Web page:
Madden NFL 15 (Multi-Platform)

Games Reviews NFL
Madden NFL 15 (Multi-Platform)

EA Sports are a bunch of liars. We know this. It’s part of the legacy. You could call it tradition. Nintendo doesn’t get online multiplayer, Microsoft makes hilarious cross-entertainment blunders, and EA Sports lies. They know they lie, and they do it anyway. How many times have you been sitting through the E3 press conferences only to be confronted by some paid silver-tongue, promising that this year’s Madden will fix all the wrongs and woes of previous Maddens, and all shall crumble under our great new path towards football nirvana? Then we get a trailer that is stridently proclaimed to be taken completely out of the in-game engine (probably not,) and they exit stage right to thunderous applause. Now Madden 15 is in your hands and guess what! The tackles still feel kinda awkward, the players still look like degenerates, and the gussied-up side attractions are still only skin deep. It was all a lie. I’m so used to the deception that another mediocre Madden actually feels cozy.

To be fair, of the sparse new features included in this year’s model, one of them works pretty well. Essentially it’s a strafe function. When you’re playing something like a linebacker, you can click in the left trigger allowing your movement to exist along a 2D plane, all while facing the line of scrimmage. This comes in handy if you’re stalking a quarterback or doing your best to stay in front of your hole. In Maddens past, your player would have to bolt towards the sideline in full stride to keep up with a play. It still worked, but it looked really goofy. For a franchise that’s gone through an embarrassing number of new features, this one legitimately works, and you’ll probably be seeing it in future installments.

Everything else is as depressing as ever. In 2014, an era where the divisions between art, interactivity and entertainment are becoming more blurred than ever before, it shouldn’t be this easy to see Madden’s threads. My first game, my first game, I heard one of the in-studio chuckleheads repeat the same line about moving the chains three fucking times. This was immediately after Madden 15 made me watch a video about how the commentary has been revamped with a brisk, in-action feel. Oh really? Then why is it that after the booth reviewed my touchdown catch, the commentators started talking about it in the context of a first down grab? Are you lying to me EA Sports? Don’t worry, I already know the answer.

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There’s the CCG-esque Ultimate Team mode, which is great if you like spending an extra $20 on a game in order to keep your pride from being brutalized by 15-year olds online. There’s the franchise mode, which is still robust, as well as the solid online functionality. But that’s all ancient stuff, certainly nothing revolutionary other than the roster update. The graphics look marginally better than the last-gen oafishness, and it’s hard thinking EA will ever truly feel motivated to take out all the stops on their engine. Is it still a football game? Yes. Is it still fun? Yes, that bare-minimum D- kind of competency that will certainly guarantee another hundred-billion copies sold.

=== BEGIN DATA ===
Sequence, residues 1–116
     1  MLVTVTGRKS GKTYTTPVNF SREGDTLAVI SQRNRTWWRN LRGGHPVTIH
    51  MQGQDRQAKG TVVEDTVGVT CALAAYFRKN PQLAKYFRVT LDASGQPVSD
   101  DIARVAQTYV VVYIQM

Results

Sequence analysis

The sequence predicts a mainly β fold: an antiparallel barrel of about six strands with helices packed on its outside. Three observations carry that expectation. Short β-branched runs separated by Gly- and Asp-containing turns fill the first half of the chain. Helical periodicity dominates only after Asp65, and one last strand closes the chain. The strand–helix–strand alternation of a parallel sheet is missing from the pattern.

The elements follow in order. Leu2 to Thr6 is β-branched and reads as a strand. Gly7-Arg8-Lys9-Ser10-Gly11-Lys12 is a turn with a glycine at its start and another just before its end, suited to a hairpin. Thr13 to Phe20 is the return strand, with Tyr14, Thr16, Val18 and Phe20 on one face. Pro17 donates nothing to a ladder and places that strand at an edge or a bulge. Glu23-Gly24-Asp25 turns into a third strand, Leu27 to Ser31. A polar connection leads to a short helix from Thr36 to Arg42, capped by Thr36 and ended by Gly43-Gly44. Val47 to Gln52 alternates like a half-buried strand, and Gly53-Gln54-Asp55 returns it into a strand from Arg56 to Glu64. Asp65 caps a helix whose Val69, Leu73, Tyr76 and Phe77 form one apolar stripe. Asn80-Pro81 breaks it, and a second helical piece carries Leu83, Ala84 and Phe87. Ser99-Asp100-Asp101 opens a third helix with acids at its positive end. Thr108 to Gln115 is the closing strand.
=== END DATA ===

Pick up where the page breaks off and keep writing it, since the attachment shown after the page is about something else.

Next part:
Look, I wouldn’t even be mad if 2K Sports weren’t offering up TRANSCENDENT BASKETBALL EXPERIENCES EVERY GODDAMN YEAR. For 2k14 they added a fully fleshed out story mode! Like with real character arcs and morality! And they’re competing against a nonexistent NBA Live franchise! The commentary in that game is performed beautifully by Clark Kellogg, Steve Kerr and Kevin Harlan. It weaves in and out of the gorgeous sound design with pinpoint, Turing Test-passing accuracy. Meanwhile in Madden I’m listening to a couple dudes do everything they can to talk about my running back without mentioning him by name.

My point is this: How convinced are we that the people at EA Sports even like football? They’ve been comfortable shoving out this sort of blithering averageness for years now. They like money, sure, but where’s the passion? Where’s the accountability? The teams that craft the NHL, NBA and MLB franchises all clearly bleed for those sports. Can we say anything close to that for the people behind Madden? Shouldn’t that make you angry? Let Madden 15 be the moment where we finally realize that we deserve something more.

Madden NFL 15 was developed by EA Tiburon and published by EA Sports. It is available for the Xbox 360, Xbox One, Playstation 3 and Playstation 4.

Luke Winkie is a writer living in Austin, TX. Follow him on Twitter at @luke_winkie.

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